In an ideal world, kids would head off to college with a good idea of their interests and strengths, but some aspects of any field truly are hidden no matter how hard you look until you are pretty heavily into the field.....

Edited by Gwen in VA
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Am I the only one who knows all kinds of kids who have had support, explored their field of choice in high school, and STILL had a major change of plans in college?

 

**snipped**

 

In an ideal world, kids would head off to college with a good idea of their interests and strengths, but some aspects of any field truly are hidden no matter how hard you look until you are pretty heavily into the field.....

 

Sure Gwen. I don't expect kids to foresee all that is involved with a major or career path while still in high school or as a college freshman. But some kids seem better equipped to jump from one thing to another. One of my son's friends realized his during first year of college that he hates chemistry. Thus he is no longer in biologial sciences but majoring in computer science.

 

But I also know kids who are having a hard time figuring out what it is they want to do. They are in a real funk about it. For one, after taking a year away from his LAC, he decided that he does not want that sort of education at all. He is in an artisan trade program. And I say great for him because he has a plan.

 

How do you help the kids without plans? Suppose your kid takes a leave of absence or drops out of college. Depending on the economy within your geographic area, that kid may have a hard time finding a job. What do you as a parent do to support the kid?

 

I know two nineteen/twenty year olds whose parents seem as baffled as the kids. Did the kids lack the grit to tough it out in college? Maybe. Is college not the place for them? Do they just need to grow up or face the realities of the working world? Is the onus on the kids themselves?

 

Dropping out of college or taking a leave is not the end of the world. It just seems that to move forward requires a plan and it may not be the plan that was initially determined in high school. It could be radically different.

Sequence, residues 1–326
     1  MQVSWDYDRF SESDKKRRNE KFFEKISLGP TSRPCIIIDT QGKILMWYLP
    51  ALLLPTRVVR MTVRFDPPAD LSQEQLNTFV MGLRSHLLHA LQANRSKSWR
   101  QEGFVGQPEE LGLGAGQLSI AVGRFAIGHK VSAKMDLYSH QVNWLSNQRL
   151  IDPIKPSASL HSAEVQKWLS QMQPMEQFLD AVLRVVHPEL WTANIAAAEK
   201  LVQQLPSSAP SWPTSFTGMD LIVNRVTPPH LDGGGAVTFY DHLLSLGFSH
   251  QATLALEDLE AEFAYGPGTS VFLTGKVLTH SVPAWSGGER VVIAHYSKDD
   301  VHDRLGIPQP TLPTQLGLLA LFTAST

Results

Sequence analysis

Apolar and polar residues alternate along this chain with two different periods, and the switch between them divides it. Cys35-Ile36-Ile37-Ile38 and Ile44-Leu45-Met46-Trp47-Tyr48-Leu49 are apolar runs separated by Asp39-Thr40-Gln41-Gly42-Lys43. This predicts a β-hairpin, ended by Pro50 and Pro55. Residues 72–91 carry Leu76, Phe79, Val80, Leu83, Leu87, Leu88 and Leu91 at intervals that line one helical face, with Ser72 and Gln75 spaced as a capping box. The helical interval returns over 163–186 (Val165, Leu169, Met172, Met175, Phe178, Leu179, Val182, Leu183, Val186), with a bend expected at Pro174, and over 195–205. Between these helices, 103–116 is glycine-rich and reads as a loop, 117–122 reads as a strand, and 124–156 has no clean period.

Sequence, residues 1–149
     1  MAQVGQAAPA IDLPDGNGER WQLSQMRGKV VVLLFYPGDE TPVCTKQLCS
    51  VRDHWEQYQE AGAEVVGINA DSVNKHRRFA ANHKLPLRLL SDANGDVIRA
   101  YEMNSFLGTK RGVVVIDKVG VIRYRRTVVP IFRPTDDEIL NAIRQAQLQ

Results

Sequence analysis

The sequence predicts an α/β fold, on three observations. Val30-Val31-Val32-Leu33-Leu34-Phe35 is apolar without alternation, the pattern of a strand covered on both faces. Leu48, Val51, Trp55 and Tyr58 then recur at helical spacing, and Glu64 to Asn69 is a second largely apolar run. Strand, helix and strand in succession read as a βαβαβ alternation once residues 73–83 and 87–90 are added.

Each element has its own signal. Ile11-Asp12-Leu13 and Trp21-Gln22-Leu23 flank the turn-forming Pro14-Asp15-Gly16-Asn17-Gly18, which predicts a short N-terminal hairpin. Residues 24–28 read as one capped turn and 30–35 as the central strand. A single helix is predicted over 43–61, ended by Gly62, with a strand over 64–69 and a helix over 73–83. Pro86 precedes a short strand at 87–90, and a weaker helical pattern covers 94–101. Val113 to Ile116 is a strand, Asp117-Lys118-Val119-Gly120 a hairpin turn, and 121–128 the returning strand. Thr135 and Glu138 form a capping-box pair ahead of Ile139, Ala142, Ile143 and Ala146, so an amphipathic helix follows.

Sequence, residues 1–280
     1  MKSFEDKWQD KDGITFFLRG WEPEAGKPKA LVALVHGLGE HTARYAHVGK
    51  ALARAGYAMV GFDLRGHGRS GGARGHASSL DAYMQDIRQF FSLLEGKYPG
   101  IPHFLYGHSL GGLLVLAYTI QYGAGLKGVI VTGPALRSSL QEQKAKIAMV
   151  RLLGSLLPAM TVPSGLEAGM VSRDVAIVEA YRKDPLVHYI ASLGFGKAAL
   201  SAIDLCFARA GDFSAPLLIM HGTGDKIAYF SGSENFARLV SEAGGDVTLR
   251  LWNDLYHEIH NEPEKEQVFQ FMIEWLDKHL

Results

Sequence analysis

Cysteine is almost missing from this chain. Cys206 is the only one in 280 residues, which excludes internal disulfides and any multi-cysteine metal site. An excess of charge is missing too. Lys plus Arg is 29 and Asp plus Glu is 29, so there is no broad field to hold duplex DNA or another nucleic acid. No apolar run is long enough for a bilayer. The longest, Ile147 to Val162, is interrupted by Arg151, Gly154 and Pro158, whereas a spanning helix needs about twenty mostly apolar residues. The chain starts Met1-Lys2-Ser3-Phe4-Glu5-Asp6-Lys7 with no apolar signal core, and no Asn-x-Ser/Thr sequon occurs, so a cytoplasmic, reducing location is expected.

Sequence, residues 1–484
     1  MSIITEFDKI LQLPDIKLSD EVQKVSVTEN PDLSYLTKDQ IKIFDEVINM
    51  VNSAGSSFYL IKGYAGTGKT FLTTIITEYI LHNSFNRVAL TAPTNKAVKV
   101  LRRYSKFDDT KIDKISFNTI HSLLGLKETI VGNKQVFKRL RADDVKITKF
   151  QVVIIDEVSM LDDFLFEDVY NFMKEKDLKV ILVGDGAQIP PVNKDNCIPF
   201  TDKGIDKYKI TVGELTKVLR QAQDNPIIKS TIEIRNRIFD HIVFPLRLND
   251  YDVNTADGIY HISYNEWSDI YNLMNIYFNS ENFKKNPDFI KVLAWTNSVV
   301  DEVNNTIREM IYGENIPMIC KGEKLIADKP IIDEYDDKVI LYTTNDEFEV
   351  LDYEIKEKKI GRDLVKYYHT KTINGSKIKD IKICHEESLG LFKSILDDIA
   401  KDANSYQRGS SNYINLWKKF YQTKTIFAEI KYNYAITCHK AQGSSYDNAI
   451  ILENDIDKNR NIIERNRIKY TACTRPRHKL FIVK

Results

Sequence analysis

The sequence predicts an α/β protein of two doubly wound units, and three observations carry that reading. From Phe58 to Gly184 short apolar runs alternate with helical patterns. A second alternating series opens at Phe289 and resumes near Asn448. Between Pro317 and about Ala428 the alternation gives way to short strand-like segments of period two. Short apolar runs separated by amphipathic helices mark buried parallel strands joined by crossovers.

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Dropping out of college or taking a leave is not the end of the world. It just seems that to move forward requires a plan and it may not be the plan that was initially determined in high school. It could be radically different.

 

:iagree:

 

How do you help the kids without plans?

 

Good question.

 

I do know that doing something -- anything -- is better than sitting around waiting for inspiration to strike. But does anyone have a BTDT story on this -- it might be good to hear how a young person heading towards nowhere/nothing found his direction!

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Sure Gwen. I don't expect kids to foresee all that is involved with a major or career path while still in high school or as a college freshman. But some kids seem better equipped to jump from one thing to another. One of my son's friends realized his during first year of college that he hates chemistry. Thus he is no longer in biologial sciences but majoring in computer science.

 

But I also know kids who are having a hard time figuring out what it is they want to do. They are in a real funk about it. For one, after taking a year away from his LAC, he decided that he does not want that sort of education at all. He is in an artisan trade program. And I say great for him because he has a plan.

 

How do you help the kids without plans? Suppose your kid takes a leave of absence or drops out of college. Depending on the economy within your geographic area, that kid may have a hard time finding a job. What do you as a parent do to support the kid?

 

I know two nineteen/twenty year olds whose parents seem as baffled as the kids. Did the kids lack the grit to tough it out in college? Maybe. Is college not the place for them? Do they just need to grow up or face the realities of the working world? Is the onus on the kids themselves?

 

Dropping out of college or taking a leave is not the end of the world. It just seems that to move forward requires a plan and it may not be the plan that was initially determined in high school. It could be radically different.

 

 

You ask some very good questions. I agree, getting these kids to the place of developing a plan and then following through is the key and it's complicated.

 

I can't say that the over attention given to standardized tests is the main culprit, but I do think it is one of the culprits in a gang of "the usual suspects". The more "test" focused our high schools have become, the more they've funneled students all through "one path". No one ever stopped to consider if that path was the right one for EVERYBODY.

 

Woodworking, metalworking, practical drafting, CAD, Home Economics - you know, the kind my mother had in high school when you could "major" in it and after four years were qualified at 18 to run a catering business or design sewing patterns...that kind of Home EC!!! - you name it, it's all been eliminated. The net result being that the "world" of the high schooler has become very narrow. Add to that a record low in the amount of travel high schoolers are exposed to due to economics or attendance policies, the lack of meaningful field trips, the lack of career counseling from knowledgeable individuals - the average school guidance counselor of today is TOTALLY CLUELESS in this regard and I know that from first hand experience having completed a semester stint as one and attended a seminar with more than 500 of these people and the conversations were :001_huh: - parents working longer hours which means less time conversing with and guiding their soon to be young adults, etc.